Growing by magic from the sand behind the little rock the head and shoulders of a man appeared, his shadow pouring down the sun-whitened slope. In his hand he swung a rapidly lengthening loop of rope and as his arm went back it knocked off the fellow's hat and exposed a shock of red hair. So much Alcatraz saw while the paralysis of fear locked every joint for the tenth part of a second, and deeply as he dreaded the apparition itself he dreaded more the whipping circle of rope. For had he not seen the dead thing become alive and snakelike in the skilled hand of Manuel Cordova? The freezing terror relaxed; the sand crunched away under the drive of his rear hoofs as he flung himself forward—with firm footing to aid he would have slid from beneath the flying danger, but as it was he heard the live rope whisper in the air above his head.

He landed on stiff legs, checked his forward impetus and flung sidewise. On solid footing he would have dodged successfully; as it was the noose barely clipped past his ear.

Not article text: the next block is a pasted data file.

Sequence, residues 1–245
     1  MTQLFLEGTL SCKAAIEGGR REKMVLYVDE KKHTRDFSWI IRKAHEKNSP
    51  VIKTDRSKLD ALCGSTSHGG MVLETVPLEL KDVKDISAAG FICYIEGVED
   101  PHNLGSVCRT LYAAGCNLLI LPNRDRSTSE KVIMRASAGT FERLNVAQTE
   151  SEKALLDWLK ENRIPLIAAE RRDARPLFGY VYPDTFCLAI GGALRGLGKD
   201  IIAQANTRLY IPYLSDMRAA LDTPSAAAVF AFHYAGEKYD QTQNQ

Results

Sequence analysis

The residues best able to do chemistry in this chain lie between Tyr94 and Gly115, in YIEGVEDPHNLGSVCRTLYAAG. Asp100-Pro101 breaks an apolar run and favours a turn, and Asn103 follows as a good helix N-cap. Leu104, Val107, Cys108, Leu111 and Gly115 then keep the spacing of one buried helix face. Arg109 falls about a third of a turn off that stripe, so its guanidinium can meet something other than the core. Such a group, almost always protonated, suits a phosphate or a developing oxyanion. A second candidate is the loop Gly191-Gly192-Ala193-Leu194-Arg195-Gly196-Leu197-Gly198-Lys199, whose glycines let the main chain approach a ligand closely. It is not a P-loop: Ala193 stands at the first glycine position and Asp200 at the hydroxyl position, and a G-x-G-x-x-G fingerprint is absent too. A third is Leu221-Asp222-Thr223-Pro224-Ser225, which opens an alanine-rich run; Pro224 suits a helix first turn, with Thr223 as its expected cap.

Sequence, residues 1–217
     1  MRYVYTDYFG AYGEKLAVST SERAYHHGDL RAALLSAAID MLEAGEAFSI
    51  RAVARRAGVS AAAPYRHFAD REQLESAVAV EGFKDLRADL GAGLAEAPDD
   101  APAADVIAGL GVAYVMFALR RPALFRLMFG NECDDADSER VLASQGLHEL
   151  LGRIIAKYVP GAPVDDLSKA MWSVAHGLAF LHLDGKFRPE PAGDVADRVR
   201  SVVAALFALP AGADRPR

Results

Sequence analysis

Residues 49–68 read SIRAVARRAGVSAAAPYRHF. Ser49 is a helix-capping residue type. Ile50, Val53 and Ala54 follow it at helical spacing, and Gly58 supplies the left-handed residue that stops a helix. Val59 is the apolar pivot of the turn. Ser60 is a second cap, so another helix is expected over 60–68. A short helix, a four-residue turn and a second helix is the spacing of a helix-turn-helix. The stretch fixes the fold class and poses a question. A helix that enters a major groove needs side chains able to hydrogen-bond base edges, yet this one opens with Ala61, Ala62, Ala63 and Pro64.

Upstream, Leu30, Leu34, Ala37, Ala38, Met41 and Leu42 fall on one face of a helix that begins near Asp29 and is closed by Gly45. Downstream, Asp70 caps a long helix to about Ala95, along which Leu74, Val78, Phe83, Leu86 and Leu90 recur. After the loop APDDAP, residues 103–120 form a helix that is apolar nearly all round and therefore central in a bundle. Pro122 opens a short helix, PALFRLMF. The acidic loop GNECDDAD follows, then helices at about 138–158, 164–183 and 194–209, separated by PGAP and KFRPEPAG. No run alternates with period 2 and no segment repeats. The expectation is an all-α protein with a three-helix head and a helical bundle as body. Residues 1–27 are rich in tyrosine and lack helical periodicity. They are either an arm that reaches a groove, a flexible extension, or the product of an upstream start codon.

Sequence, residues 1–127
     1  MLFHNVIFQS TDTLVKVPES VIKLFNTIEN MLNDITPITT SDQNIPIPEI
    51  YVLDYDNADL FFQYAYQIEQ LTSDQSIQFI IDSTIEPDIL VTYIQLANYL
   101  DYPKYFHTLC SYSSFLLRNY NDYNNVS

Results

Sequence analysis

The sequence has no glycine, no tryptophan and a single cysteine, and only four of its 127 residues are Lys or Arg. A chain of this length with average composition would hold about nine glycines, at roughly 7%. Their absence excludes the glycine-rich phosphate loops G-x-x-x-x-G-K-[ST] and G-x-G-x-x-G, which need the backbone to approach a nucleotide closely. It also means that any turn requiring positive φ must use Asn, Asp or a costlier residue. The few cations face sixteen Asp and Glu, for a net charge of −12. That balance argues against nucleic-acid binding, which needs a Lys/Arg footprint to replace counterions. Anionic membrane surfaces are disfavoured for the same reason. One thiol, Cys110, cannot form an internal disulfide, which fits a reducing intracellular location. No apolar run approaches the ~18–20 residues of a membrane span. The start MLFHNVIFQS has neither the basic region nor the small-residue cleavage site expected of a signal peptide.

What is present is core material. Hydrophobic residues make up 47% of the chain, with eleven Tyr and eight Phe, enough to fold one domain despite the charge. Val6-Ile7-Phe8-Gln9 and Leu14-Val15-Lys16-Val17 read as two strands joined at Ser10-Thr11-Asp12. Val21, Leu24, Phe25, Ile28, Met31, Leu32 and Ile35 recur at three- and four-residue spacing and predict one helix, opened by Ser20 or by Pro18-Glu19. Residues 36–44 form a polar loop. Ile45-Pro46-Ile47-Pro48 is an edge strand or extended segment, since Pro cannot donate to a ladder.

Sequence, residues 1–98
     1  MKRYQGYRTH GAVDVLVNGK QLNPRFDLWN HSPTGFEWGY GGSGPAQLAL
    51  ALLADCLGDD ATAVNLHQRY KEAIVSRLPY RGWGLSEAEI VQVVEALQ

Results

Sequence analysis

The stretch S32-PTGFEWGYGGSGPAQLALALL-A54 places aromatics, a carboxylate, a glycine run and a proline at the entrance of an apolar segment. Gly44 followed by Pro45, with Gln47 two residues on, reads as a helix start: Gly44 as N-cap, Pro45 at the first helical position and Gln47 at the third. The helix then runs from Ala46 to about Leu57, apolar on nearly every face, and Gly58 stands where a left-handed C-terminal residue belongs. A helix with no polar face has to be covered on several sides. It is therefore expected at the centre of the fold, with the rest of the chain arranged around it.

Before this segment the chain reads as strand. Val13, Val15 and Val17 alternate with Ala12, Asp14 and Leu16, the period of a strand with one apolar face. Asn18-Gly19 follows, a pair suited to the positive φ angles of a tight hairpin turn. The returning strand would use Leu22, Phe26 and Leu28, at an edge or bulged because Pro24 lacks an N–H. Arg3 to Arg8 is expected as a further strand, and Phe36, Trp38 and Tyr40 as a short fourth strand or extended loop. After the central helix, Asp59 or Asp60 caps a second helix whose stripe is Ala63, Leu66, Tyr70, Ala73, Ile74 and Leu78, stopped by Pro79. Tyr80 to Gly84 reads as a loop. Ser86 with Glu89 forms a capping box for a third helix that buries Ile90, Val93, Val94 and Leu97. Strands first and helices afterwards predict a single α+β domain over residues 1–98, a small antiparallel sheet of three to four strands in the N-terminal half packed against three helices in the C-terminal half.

As the rope touched his neck, it seemed to Alcatraz that every wound dealt him by the hand of man was suddenly aching and bleeding again, the skin along his flanks quivered where the spurs of Cordova had driven home time and again, and on shoulders and belly and hips there were burning stripes where the quirt had raised its wale. Most horrible of all, in his mouth came the taste of iron and his own blood where the Spanish bit had wrenched his jaws apart. Out of the old days he might have remembered the first and bitterest lesson—that it is folly to pull against a rope—but now he saw nothing save the fleeing forms of the seven mares and his own freedom vanishing with them. In his mid-leap the lariat hummed taut, sank in a burning circle into the flesh at the base of his neck, and he was flung to the ground. No man's power could have stopped him so short; the cunning enemy had turned a half-hitch around the top of that deep-rooted rock.